Mortality, Morbidity and Related Outcomes Following Perioperative Blood Transfusion in Patients with Major Orthopaedic Surgery: A Systematic Review

Division Safety of Medicinal Products and Medical Devices, Paul-Ehrlich-Institut, Langen, Germany.

Transfusion medicine and hemotherapy : offizielles Organ der Deutschen Gesellschaft fur Transfusionsmedizin und Immunhamatologie. 2018;45((5):):355-367.
Abstract
Background: Benefits and risks of liberal and restrictive transfusion regimens are under on-going controversial discussion. This systematic review aimed at assessing both regimens in terms of pre-defined outcomes with special focus on patients undergoing major orthopaedic surgery. Methods: We performed a literature search for mortality, morbidity and related outcomes following peri-operative blood transfusion in patients with major orthopaedic surgery in electronic databases. Combined outcome measure estimates were calculated within the scope of meta-analyses including randomised clinical trials comparing restrictive versus liberal blood transfusion regimens (e.g. MH risk ratio, Peto odds ratio). Results: A total of 880 publications were identified 15 of which were finally included (8 randomised clinical trials (RCTs) with 3,693 patients and 6 observational studies with 4,244,112 patients). Regarding RCTs, no significant differences were detected between the transfusion regimes for all primary outcomes (30-day mortality, thromboembolic events, stroke/transitory ischaemic attack, myocardial infarction, wound infection and pneumonia) and a secondary outcome (length of hospital stay), whereas there was a significantly reduced risk of receiving at least one red blood concentrate under a restrictive regimen. Conclusion: The results of this systematic review do not suggest an increased risk associated with either a restrictive or a liberal transfusion regimen in patients undergoing major orthopaedic surgery.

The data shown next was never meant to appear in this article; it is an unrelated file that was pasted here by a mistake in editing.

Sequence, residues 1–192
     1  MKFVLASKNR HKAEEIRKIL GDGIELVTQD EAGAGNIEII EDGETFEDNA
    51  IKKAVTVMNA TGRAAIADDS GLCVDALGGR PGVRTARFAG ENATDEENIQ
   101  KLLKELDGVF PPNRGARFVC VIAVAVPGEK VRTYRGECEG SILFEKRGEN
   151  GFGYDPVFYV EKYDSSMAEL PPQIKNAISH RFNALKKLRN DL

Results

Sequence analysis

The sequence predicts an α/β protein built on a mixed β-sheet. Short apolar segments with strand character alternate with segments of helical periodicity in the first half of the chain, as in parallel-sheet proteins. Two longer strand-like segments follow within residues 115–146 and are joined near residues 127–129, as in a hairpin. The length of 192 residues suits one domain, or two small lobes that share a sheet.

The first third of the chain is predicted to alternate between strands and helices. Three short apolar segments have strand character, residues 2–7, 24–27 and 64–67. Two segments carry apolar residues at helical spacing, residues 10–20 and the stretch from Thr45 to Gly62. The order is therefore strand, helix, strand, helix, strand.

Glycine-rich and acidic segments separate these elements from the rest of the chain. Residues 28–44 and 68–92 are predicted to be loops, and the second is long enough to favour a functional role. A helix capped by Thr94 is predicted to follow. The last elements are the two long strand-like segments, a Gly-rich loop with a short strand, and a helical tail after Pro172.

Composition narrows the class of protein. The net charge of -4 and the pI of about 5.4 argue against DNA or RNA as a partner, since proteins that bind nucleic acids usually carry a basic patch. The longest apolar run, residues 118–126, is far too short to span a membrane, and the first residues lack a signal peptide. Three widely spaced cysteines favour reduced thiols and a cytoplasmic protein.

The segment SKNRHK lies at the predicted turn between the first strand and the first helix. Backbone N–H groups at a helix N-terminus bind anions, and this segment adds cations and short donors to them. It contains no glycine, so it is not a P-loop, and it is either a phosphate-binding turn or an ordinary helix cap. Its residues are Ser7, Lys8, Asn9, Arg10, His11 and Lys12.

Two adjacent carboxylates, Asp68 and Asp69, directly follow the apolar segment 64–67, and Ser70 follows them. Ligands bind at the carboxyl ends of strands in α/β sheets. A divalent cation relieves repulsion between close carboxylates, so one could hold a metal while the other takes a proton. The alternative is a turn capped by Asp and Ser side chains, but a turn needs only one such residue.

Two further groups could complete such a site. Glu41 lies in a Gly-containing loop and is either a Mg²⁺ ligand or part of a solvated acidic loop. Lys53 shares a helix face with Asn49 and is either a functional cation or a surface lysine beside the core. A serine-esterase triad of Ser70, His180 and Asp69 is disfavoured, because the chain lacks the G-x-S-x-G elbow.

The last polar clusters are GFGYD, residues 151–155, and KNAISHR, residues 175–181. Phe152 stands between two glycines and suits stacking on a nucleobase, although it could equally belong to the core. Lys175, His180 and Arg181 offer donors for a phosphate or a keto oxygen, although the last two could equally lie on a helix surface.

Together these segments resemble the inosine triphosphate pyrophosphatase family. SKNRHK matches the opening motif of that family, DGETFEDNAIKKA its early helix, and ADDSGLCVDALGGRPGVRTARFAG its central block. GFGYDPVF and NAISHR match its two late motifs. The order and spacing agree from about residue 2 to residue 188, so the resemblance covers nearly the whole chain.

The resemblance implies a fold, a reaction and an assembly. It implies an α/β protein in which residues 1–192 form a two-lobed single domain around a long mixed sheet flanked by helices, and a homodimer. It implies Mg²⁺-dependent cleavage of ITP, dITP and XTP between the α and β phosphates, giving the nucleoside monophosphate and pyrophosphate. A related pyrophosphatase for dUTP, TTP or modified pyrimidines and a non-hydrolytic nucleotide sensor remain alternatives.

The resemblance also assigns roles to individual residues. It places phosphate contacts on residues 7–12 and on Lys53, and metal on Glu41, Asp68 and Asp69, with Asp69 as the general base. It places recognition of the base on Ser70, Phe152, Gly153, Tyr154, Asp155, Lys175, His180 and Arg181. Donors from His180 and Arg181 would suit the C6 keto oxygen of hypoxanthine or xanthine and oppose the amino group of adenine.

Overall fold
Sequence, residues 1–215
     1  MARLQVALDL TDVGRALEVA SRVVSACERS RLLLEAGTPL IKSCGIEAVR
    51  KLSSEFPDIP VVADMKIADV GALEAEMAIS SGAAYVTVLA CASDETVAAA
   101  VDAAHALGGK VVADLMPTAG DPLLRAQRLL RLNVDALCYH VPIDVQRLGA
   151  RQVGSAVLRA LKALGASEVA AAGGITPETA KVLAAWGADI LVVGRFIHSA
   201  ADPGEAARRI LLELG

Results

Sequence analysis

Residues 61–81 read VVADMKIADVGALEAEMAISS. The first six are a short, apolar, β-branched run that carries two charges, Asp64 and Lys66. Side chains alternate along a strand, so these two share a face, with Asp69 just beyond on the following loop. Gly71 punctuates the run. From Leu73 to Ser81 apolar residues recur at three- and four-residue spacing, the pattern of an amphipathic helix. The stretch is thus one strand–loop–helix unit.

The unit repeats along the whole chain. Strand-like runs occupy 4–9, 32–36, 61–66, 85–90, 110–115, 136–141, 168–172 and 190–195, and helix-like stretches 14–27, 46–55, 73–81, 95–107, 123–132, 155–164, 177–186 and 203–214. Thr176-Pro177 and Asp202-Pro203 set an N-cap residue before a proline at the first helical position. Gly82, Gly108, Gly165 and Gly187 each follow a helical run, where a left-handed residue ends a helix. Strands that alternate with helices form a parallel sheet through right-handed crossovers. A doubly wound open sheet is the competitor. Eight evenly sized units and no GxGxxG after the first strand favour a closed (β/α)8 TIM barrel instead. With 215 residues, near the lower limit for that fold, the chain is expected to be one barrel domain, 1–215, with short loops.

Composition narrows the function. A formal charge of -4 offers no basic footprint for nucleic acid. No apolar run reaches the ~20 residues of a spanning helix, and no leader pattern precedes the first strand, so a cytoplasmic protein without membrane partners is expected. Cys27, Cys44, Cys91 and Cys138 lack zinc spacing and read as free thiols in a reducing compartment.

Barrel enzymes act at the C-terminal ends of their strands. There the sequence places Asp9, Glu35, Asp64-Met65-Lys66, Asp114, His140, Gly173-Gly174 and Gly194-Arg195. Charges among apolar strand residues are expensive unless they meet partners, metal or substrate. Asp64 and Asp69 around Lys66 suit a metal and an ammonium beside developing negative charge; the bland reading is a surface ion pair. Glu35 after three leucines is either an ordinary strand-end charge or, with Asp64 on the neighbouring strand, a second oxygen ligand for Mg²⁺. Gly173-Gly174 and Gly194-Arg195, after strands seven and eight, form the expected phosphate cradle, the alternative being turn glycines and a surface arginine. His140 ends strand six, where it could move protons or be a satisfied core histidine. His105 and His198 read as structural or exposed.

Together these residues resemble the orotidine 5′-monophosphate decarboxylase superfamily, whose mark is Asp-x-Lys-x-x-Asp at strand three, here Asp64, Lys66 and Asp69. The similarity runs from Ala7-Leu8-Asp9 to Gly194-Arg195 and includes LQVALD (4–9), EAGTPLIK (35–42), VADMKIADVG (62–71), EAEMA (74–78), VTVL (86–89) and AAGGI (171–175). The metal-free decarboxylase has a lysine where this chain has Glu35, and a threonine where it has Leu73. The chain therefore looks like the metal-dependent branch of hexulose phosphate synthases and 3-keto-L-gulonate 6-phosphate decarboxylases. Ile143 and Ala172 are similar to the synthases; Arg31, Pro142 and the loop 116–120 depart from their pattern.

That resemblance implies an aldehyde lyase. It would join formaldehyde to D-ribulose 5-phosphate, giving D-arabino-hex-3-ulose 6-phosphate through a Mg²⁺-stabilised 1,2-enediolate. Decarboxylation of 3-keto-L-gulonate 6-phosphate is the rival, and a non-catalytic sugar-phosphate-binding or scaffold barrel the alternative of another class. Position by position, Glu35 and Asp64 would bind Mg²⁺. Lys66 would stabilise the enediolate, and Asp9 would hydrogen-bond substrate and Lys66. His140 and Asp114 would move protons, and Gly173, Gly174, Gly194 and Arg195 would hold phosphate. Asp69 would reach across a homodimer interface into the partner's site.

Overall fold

Study details
Study Design : Systematic Review
Language : eng
Credits : Bibliographic data from MEDLINE®/PubMed®, a database of the U.S. National Library of Medicine